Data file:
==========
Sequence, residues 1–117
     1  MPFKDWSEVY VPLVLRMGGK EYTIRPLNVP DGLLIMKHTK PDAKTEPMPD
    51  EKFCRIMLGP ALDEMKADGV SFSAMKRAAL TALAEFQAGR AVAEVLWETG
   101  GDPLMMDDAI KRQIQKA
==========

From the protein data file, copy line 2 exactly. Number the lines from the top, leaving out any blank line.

     1  MPFKDWSEVY VPLVLRMGGK EYTIRPLNVP DGLLIMKHTK PDAKTEPMPD